I enjoyed how you described the peepers in the early spring. I'm always trying to tell my friends how awfully noisy the country is from those frogs (we have two small ponds across from our house) to the cicadas in the late summer and I had to laugh when you wrote in your blog about the peepers (I never knew what to call them). And funny story, since they are virtually silent by August, when I first moved to the country 9 years ago, the boy that lived across the road told me once when inquiring why they were silent, that by August, all the snakes in the pond had eaten the frogs. I so believed him at THAT time and was deathly afraid of the ponds after that until an "adult" neighbor set me straight!

And Deer Season, if I could figure out a way, I would install orange sock hats on the deer in the neighboring corn fields to protect them every fall. I, like you, have driven down the road in the early morning hours (before the sun) honking my horn when I see hunters' trucks parked in the vicinity! My husband says he's surprised they haven't just shot me instead. But you don't mention the fact that for two weeks or so everywhere you go there are dead deer in parking lots attached to cars and the grocery story, the gas stations, even at McDonald' so unnerves me looking at the open dead deer eyes everywhere I go.

Anyway, I just wanted to say how much I enjoy your blog and, OF COURSE, those books you write and I'm counting the days until 1/20.

Thank you....Tammy Bartner

Louise Penny Author said...

Dear Tammy,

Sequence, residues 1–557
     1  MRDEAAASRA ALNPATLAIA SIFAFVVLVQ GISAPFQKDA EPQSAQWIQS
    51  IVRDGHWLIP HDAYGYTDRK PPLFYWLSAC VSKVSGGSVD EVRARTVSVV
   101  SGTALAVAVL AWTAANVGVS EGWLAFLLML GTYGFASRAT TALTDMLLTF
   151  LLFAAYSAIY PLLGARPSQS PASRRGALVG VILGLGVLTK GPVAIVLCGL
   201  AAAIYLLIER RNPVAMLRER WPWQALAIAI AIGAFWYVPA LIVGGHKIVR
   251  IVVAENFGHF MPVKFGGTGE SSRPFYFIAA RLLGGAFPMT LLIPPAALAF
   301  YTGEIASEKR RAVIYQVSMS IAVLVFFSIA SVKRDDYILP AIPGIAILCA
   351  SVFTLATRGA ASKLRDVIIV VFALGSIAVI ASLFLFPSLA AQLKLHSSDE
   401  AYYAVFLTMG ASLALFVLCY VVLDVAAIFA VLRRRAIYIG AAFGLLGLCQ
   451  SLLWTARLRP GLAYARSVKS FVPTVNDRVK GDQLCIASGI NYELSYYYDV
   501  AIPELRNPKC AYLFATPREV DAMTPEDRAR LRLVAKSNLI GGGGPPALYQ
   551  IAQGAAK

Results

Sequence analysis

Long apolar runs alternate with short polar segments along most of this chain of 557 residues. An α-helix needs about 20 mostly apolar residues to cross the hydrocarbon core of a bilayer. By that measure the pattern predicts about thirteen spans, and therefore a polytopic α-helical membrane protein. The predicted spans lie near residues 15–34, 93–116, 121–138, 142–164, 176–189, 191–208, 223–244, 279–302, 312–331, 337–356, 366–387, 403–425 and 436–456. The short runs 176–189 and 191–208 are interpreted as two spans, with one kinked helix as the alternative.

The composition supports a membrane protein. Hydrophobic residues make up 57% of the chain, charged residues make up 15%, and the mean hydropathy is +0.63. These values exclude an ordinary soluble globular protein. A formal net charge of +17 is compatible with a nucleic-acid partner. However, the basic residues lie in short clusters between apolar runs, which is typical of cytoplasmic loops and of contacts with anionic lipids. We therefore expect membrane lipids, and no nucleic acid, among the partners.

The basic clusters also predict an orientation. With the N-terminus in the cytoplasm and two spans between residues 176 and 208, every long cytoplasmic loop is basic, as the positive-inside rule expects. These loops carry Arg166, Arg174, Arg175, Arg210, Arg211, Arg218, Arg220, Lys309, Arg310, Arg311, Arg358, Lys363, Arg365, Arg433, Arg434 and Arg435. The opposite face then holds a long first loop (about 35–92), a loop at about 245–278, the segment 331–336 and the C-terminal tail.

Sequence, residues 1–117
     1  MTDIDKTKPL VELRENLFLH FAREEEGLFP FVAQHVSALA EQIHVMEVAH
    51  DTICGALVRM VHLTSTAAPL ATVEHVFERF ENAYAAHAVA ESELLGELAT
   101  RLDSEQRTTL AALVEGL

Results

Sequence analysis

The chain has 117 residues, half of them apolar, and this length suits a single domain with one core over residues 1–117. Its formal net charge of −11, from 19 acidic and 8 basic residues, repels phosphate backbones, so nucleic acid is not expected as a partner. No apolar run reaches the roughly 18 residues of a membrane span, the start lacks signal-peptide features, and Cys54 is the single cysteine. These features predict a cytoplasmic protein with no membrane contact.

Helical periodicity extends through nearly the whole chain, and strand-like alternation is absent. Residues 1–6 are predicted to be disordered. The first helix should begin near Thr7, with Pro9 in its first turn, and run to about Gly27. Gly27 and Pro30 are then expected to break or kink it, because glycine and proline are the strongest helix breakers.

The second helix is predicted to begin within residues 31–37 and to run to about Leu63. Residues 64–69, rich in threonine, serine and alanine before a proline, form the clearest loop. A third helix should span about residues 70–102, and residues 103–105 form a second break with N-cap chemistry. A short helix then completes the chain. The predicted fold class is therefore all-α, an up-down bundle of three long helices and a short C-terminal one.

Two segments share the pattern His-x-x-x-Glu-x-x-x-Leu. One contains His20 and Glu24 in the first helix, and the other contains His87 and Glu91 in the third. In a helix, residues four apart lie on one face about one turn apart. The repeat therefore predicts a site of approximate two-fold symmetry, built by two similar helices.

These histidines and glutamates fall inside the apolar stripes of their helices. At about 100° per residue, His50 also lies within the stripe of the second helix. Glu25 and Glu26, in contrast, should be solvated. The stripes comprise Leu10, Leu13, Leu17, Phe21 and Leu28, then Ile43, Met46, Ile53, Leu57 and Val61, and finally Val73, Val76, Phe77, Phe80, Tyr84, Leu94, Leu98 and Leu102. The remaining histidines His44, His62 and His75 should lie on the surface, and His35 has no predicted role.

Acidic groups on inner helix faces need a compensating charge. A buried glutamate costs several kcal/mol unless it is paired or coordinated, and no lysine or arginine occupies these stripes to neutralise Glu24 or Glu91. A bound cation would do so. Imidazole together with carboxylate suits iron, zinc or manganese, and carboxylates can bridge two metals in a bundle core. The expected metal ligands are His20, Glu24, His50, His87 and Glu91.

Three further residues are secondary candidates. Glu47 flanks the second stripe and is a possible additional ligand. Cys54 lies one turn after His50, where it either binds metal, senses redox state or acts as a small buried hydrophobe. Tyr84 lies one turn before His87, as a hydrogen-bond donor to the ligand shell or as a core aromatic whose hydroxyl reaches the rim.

What a very beautiful, description, fun comment. You need to have a blog yourself!

I'm so glad we're walking through the days together. Makes it much for entertaining. Loved the peeper and snakes story, and you're quite right about the dead deer on and in trucks. As I drive by them I glance at the drivers and try to imagine what he's thinking. Can he possibly feel this says anything good about him?

I've also very glad you're enjoying the books and spreading the word! Much appreciated.

Tammy said...

Ok, this may be a repeat, I made a comment but it didn't show up and I have entirely too many windows opened on my PC so don't know where it went!

Actually I did start writing a blog last fall after some peer pressue. It's I don't write in it daily like you do your's, but I'm trying to write more regularly. It was really hard at first even telling anyone I was doing it except a couple of real close friends. Hard to open up what I felt like were my thoughts and feelings to the whole world, but it's getting easier and I'm sharing with more people now.

Take care....Tammy

Louise Penny Author said...

Dear Tammy,

Well done! I know what you mean about opening up. Boundaries...always so hard to know what is appropriate. I just kind of blunder along and know I'll make mistakes, but they're never the end of the world. Only seem so at the moment!